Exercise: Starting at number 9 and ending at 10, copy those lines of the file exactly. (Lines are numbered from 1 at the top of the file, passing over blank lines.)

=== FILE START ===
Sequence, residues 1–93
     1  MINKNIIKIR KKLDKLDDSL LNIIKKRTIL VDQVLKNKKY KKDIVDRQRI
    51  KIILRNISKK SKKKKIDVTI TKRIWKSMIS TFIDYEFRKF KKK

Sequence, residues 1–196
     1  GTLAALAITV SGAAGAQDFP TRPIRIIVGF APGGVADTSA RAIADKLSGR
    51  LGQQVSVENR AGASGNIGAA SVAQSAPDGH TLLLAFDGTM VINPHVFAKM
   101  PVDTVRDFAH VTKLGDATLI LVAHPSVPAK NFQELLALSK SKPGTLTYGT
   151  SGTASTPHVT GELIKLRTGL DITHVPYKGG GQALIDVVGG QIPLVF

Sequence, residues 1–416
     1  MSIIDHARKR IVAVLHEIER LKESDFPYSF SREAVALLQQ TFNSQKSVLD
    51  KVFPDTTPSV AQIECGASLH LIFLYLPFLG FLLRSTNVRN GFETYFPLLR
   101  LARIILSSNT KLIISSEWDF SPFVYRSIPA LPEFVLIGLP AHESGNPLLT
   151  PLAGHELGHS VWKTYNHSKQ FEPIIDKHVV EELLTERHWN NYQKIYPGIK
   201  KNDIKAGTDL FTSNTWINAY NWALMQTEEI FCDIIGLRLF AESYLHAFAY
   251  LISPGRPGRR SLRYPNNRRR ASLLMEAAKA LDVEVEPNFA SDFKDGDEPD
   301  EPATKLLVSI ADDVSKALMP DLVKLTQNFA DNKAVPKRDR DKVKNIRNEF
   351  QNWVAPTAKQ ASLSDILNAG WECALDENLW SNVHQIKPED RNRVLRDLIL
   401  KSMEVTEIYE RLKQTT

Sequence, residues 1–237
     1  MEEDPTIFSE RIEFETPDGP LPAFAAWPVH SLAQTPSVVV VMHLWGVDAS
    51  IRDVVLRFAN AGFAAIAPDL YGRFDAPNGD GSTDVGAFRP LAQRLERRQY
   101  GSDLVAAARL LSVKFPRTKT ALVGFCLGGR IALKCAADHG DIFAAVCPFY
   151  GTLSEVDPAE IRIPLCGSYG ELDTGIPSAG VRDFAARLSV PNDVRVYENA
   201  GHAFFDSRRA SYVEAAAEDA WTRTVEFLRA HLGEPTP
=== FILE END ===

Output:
Sequence, residues 1–416
     1  MSIIDHARKR IVAVLHEIER LKESDFPYSF SREAVALLQQ TFNSQKSVLD